The AAF began its inaugural, 10-week season on February 9, 2019. The first points in AAF regular season history were scored by kicker Younghoe Koo of the Atlanta Legends, who made a 38-yard field goal against the Orlando Apollos. The first touchdown in league history came in the same game with Orlando quarterback Garrett Gilbert connecting with Jalin Marshall for a 16 yard score. The first shutout in league history was recorded by the Birmingham Iron when they defeated the Memphis Express, 26–0, in Week 1.
On February 18, 2019, the league announced that Tom Dundon, whose other holdings include the Carolina Hurricanes of the National Hockey League (NHL), agreed to invest $250 million into the league. He was also named the new chairman of the AAF, and Dundon reportedly received a majority stake in the league in exchange for his investment. The investment was initially reported to be due to the league being in danger of not making payroll. It was later reported that the payroll issue was due to a glitch in the league's changing of payroll companies, and that Dundon's investment had already been planned. Dundon noted, however, that the league "had the commitments to last a long time, but maybe not the money in the bank." Ebersol had admitted prior to the start of the season that, on numerous occasions, the AAF had come dangerously close to folding before its first game due to various unstated complications. When asked whether some of the AAF's initial investors had dropped out, Ebersol declined to answer.
At the same time, the league revealed that it had been unable to secure a league-wide worker's compensation insurance policy prior to the start of the season, forcing the Orlando Apollos to move its practice operations to Kingsland, Georgia, and commute to Orlando for games, as Florida does not consider professional athletes to be eligible for worker's compensation.
If the AAF survives to reach its second season, it will find itself in direct competition with a revived XFL, which is announced to begin play in 2020.
||First season||Head coach|
|Atlanta Legends||Atlanta, Georgia||Georgia State Stadium||24,333||2019||Kevin Coyle|
|Birmingham Iron||Birmingham, Alabama||Legion Field||71,594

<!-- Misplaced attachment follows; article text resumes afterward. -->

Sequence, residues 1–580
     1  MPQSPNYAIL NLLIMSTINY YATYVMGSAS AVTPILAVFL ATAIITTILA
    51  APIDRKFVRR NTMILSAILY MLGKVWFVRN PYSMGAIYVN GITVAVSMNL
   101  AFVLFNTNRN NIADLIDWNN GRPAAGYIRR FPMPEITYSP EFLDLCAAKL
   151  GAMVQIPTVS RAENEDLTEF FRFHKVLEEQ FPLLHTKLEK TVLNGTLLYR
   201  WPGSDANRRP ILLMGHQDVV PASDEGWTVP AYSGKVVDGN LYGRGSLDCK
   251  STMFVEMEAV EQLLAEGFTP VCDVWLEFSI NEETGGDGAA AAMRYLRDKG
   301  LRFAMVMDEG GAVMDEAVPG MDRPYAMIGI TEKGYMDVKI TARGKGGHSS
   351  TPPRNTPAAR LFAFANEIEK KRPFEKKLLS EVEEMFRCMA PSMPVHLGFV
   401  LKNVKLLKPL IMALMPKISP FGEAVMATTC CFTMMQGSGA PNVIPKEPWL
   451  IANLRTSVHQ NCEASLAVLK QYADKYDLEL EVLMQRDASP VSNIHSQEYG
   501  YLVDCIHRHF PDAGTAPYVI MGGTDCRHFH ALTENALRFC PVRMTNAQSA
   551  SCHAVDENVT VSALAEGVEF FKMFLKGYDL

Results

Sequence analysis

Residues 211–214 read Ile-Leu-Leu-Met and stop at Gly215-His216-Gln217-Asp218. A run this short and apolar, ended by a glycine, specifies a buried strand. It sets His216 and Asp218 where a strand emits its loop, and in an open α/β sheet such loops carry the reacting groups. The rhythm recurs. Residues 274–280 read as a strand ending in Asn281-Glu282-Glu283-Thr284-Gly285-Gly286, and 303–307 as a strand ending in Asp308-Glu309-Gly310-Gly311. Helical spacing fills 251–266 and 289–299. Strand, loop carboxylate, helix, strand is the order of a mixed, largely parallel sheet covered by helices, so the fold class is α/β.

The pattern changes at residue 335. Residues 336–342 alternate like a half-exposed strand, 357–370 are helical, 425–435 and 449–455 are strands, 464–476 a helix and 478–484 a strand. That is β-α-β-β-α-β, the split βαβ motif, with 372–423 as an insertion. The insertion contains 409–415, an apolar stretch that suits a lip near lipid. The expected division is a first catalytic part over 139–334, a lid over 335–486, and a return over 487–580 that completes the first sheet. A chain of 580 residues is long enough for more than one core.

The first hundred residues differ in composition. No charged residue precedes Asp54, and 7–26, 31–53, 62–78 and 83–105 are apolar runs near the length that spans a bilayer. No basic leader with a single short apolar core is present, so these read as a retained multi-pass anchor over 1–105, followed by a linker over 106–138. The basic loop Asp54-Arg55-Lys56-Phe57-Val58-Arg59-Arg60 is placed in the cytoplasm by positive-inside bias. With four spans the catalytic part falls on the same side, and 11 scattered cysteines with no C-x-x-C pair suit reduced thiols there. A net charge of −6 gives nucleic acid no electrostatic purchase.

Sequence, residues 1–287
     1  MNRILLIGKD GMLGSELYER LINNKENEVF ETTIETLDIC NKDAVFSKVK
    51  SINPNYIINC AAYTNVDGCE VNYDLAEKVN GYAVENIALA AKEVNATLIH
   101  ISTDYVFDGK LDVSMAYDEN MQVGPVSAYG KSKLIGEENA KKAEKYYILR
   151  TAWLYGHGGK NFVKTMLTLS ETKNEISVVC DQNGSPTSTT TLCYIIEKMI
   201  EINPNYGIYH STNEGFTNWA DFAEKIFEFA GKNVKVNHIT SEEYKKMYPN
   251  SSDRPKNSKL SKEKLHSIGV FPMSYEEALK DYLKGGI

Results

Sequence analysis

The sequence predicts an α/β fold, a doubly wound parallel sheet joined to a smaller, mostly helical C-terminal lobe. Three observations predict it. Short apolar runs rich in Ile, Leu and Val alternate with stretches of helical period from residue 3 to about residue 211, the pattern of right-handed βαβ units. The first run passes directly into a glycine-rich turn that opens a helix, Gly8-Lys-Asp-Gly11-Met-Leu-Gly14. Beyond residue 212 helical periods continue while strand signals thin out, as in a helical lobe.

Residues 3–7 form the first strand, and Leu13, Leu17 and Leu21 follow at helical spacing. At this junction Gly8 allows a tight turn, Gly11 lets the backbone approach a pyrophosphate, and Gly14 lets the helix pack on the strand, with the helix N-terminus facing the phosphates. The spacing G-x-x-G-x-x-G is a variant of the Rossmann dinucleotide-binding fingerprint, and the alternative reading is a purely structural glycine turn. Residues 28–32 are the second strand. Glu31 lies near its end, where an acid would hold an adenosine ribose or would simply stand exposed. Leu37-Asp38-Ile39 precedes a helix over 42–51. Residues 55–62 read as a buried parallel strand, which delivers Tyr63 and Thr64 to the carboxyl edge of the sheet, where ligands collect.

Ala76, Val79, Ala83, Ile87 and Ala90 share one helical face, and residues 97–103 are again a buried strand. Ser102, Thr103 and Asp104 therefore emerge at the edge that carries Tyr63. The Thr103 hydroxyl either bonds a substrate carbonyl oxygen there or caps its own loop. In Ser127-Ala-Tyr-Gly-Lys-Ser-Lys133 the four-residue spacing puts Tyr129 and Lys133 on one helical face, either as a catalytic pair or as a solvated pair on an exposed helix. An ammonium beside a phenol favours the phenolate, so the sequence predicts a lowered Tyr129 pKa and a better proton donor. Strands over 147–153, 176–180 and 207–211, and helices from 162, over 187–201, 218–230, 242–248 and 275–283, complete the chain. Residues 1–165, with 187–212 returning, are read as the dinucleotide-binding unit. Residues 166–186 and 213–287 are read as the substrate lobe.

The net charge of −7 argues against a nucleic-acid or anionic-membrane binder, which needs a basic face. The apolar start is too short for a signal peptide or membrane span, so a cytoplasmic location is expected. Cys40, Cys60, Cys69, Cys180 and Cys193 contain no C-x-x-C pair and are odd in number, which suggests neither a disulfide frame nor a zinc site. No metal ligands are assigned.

|Memphis Express||Memphis, Tennessee||Liberty Bowl Memorial Stadium||58,325||Mike Singletary|
|Orlando Apollos||Orlando, Florida‡||Spectrum Stadium||44,206||Steve Spurrier|
|Arizona Hotshots||Tempe, Arizona||Sun Devil Stadium||57,078||2019||Rick Neuheisel|
|Salt Lake Stallions||Salt Lake City, Utah||Rice–Eccles Stadium||45,807||Dennis Erickson|
|San Antonio Commanders||San Antonio, Texas||Alamodome||64,000
|San Diego Fleet||San Diego, California||SDCCU Stadium||70,561
Ebersol deliberately avoided making radical changes to the rules of the game so as to make it recognizable to the U.S. public. He stated that he used the average length of a feature film, slightly over two hours, as the basis for a typical fan's attention span.
The Alliance operates as a single entity, with all teams owned and operated by the league, under the name Legendary Field Exhibitions LLC. Some of the investors in the AAF include Peter Thiel's Founders Fund, The Chernin Group (which owns Barstool Sports), Jared Allen, Slow Ventures, Adrian Fenty, Charles King's M Ventures, and Keith Rabois.
MGM Resorts International made an investment in the AAF tech platform, and entered a three-year sponsorship agreement to become the league's official sports betting sponsor and exclusive gaming partner. The deal marks the first time any sports organization has sold exclusive in-game betting rights to a sportsbook.
The league is also planning player bonuses and scholarships, with player bonuses to be based on performance and fan interaction, and players would earn a year's scholarship in post-secondary education for each season of play. Players are expected to get three-year, non-guaranteed contracts worth $250,000 plus health insurance with an escape clause to go to the NFL. The three-year contract is believed to be purposely targeting the XFL to prevent second-tier professional players from signing with the XFL if they play in the AAF in 2019. The league also has an incentive system that will pay members of a team's offensive and defensive units for statistical achievements and will also pay players to perform community service; the exact details of this incentive system were not yet finalized at the start of the 2019 season. Players are assigned to each team by way of a centralized process that is largely a trade secret. For the fans, in addition to a fantasy league built into mobile broadcasts, low ticket prices (each team will have a $35/game sideline seat option) and inexpensive food are planned.